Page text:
Dedication of the Newly Renovated Agnes E. Wells Quad Student Residences
Until 1925, there was no housing for female students on the IU Bloomington campus. In 1912, Dean of Women Carrie L. DeNise called the housing situation for female students “unsatisfactory”; many of these students boarded in the community in small groups, and the housing was typically scattered. DeNise’s statement was one of the early voices that paved the way for the construction of Memorial Hall and its sister building, Goodbody Hall.
Memorial Hall was dedicated in 1925, and it was the first women’s residence on campus. Goodbody Hall, originally named Forest Hall, was built in 1936 and served as a women’s residence as well; Goodbody Hall is known for its unusual sculpture of a duck wearing a mortarboard and glasses, located on the west side of the building. The strategic location of both buildings created a small section of campus that female students could call home.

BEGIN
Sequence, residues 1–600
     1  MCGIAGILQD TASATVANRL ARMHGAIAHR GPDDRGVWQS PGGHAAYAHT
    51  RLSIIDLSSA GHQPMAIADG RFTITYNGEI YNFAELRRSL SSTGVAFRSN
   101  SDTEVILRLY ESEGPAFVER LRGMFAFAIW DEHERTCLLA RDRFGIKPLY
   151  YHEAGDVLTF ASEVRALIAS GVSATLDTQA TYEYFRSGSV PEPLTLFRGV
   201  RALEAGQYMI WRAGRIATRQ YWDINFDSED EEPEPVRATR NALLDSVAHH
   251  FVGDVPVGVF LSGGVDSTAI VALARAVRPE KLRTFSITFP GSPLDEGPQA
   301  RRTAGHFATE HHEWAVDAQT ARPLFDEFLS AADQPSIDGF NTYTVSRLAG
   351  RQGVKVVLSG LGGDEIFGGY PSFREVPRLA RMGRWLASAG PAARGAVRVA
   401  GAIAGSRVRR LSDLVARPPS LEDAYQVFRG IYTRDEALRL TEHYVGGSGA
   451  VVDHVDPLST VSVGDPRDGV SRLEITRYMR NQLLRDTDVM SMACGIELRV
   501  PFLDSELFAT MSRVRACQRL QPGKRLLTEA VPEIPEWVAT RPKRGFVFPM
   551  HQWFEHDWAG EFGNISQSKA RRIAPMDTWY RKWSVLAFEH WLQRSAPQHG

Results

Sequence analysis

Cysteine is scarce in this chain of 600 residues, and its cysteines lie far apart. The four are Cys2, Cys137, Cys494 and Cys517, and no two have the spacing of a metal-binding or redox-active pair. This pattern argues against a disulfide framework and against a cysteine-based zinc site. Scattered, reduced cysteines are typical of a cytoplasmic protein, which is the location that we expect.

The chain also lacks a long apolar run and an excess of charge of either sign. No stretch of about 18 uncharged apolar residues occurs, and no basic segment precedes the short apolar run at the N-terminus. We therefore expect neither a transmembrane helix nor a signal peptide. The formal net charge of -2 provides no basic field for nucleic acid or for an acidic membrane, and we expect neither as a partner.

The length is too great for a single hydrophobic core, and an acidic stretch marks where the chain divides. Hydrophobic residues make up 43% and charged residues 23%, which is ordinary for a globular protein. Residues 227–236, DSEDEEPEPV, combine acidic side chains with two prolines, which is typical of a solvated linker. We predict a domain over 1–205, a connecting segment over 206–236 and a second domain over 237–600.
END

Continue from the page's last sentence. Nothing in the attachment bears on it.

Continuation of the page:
In the 92 years since the first of these buildings was completed, both evolved into classroom and office facilities. Much of Memorial Hall was dedicated to the Department of Apparel Merchandising and Interior Design until that program was incorporated into the School of Art, Architecture, and Design in 2016. Goodbody Hall was home for many years to the Department of History and Philosophy of Science and Medicine. The School of Art, Architecture, and Design is now headquartered in Kirkwood Hall, in the historic Old Crescent district of campus, and History and Philosophy of Science and Medicine is now located in Ballantine Hall.
In 2015, the IU Board of Trustees approved the Wells Quad project with a budget of $30 million. Completed in the fall of 2017, the Wells Quad renovation has 182 beds and a 200-seat dining hall. It features a patio and dining opportunities such as a branch of the popular Kirkwood Avenue institution Nick’s English Hut. Wells Quad houses a science, technology, engineering, and mathematics (STEM) learning community for students in related majors.